We define sustainability, in general, as the sum of practices which are indefinitely renewable, and do not deplete the earth's resources. Sustainability can be applied to nearly every area of our lives, from technology, to business, to development (though some might say this is an oxymoron!), to education, to daily life... Our members have formed a group called Sustainability 101.

How does WiserEarth compare to Care2 and or other online communities?

The core of it is that each community has a different focus. Care2 draws much of its interest from its online petitions. They are oriented around immediate actions. Greenwala is centered around bringing individuals the resources to make green changes in their daily lives. WiserEarth began as a free online directory for nonprofits, a place to gather and name the players in the environmental and social justice movement, collected by ordinary people. It evolved into a sustainable social network which includes individual profiles, customizable member groups, and for-profits, while retaining its roots as a map of the movement and a space for global collaboration. Its also worth noting that we are quite global, over 50% of our visitation is from outside the US and this is likely to increase as we are available in new languages.

How do you find content exactly?

In the beginning, we went through an intensive phase of research with staff, volunteers and interns to start the base of our directory. We are based on the Wikipedia model in that we rely on our members to post content. However, we also have staff and volunteer moderators to ensure that new content is proofed thoroughly.

How do you measure the effectiveness of Tweeting?

We track retweets through Also, via Google Analytics, we track how many tweets ended up with a membership signup to the site. What has been important in our social media outreach is to get a clear sense of the interest of our followers. Some types of tweets will have greater impact than others. Also we have noticed that our Twitter account is being put in more and more lists, which indicates that people are interested in WiserEarth feeds.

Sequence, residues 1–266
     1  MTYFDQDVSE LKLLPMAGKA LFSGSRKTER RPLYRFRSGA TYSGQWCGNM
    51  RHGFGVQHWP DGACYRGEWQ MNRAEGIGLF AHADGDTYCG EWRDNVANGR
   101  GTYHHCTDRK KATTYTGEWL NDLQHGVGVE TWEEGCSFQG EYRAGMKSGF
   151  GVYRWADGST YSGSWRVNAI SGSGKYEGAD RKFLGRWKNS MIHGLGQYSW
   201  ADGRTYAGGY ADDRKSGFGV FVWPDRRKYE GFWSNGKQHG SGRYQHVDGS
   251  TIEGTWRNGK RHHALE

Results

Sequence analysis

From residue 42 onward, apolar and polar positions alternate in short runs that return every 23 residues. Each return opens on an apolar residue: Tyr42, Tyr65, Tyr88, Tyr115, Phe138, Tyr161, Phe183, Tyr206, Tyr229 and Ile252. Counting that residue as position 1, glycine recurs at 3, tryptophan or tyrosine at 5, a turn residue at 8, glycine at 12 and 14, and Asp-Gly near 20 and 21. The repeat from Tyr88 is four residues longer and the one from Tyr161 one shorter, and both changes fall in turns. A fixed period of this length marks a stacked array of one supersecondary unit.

What tools and expectations go hand in hand with the social media online campaigns that you run?

I am interpreting this question to be asking what tools we use for social media, and what we expect out of them. Social media is still a relatively new frontier. In our campaigns, we have thus far used Facebook, Twitter, and our blog to spread the word, as well as Flickr and video sites. For each tool, we use different metrics. Facebook now e-mails all administrators handy metrics for their fanpages. We use an efficient video-posting tool called TubeMogul, which allows you to post to all your video accounts simultaneously after saving your account information once.

At times we coordinate across accounts, such as posting Flickr photos to Facebook, tweeting blog posts we've done, or announcing our videos in WiserEarth itself. But generally we try to tailor the channel postings to different audiences. For example, our Twitter feed has a lot of social entrepreneurs, nonprofits and tech-related sustainable types, and can be a more personal way to reach people. Our blog tends towards social media and community managers, making it a great place for tips and stories. This is different from our Facebook page where we expect our audience to have a somewhat shorter attention span due to the medium.

Our expectation is that our different channels of social media will connect with multiple sectors of our member base, and those that haven't yet become members on the site will have a variety of ways to become familiar with our work and the work of the sustainability movement. It is our hope that they will ultimately feel empowered to collaborate!

Connections -

Kerry Vineberg
Kerry at wiserearth dot org